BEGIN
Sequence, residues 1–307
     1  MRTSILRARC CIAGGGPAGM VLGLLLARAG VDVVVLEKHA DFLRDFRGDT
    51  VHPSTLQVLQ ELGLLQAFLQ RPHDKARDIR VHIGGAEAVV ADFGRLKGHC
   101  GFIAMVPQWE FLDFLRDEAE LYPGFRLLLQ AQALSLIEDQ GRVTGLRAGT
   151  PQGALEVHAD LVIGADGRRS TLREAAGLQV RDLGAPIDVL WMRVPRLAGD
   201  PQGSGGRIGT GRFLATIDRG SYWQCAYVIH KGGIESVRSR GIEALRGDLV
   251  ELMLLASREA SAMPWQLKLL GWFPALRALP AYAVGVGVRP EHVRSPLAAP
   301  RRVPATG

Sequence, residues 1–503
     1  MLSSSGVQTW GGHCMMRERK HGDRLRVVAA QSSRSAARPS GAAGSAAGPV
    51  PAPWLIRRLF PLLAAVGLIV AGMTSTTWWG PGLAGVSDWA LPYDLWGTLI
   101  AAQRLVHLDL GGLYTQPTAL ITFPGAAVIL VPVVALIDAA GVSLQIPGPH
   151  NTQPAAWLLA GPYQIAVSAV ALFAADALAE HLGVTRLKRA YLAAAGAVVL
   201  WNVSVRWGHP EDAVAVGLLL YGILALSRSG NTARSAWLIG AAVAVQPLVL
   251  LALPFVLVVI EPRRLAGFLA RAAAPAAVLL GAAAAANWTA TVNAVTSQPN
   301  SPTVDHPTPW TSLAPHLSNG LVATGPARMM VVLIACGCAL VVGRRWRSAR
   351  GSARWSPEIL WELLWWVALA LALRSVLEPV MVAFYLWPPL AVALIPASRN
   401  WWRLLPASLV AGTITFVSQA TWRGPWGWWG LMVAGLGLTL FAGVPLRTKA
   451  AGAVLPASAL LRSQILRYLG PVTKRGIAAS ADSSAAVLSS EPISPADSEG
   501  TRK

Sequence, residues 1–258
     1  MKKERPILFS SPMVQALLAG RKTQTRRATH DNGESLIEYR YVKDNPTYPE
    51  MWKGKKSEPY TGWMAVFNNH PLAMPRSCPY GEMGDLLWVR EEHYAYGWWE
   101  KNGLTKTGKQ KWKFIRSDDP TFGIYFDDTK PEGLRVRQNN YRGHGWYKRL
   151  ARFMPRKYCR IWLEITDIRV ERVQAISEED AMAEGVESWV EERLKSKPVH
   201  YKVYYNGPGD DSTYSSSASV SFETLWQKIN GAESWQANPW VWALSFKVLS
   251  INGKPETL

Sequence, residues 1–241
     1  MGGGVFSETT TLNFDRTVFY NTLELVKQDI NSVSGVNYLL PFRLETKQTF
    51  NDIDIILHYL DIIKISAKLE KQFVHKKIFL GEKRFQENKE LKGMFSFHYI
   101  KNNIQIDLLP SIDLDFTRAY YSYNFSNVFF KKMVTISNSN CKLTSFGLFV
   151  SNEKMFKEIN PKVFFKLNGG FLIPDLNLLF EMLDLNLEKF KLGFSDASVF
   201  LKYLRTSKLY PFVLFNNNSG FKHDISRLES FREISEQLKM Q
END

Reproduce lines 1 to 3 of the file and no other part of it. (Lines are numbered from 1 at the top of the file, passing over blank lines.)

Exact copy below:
Sequence, residues 1–307
     1  MRTSILRARC CIAGGGPAGM VLGLLLARAG VDVVVLEKHA DFLRDFRGDT
    51  VHPSTLQVLQ ELGLLQAFLQ RPHDKARDIR VHIGGAEAVV ADFGRLKGHC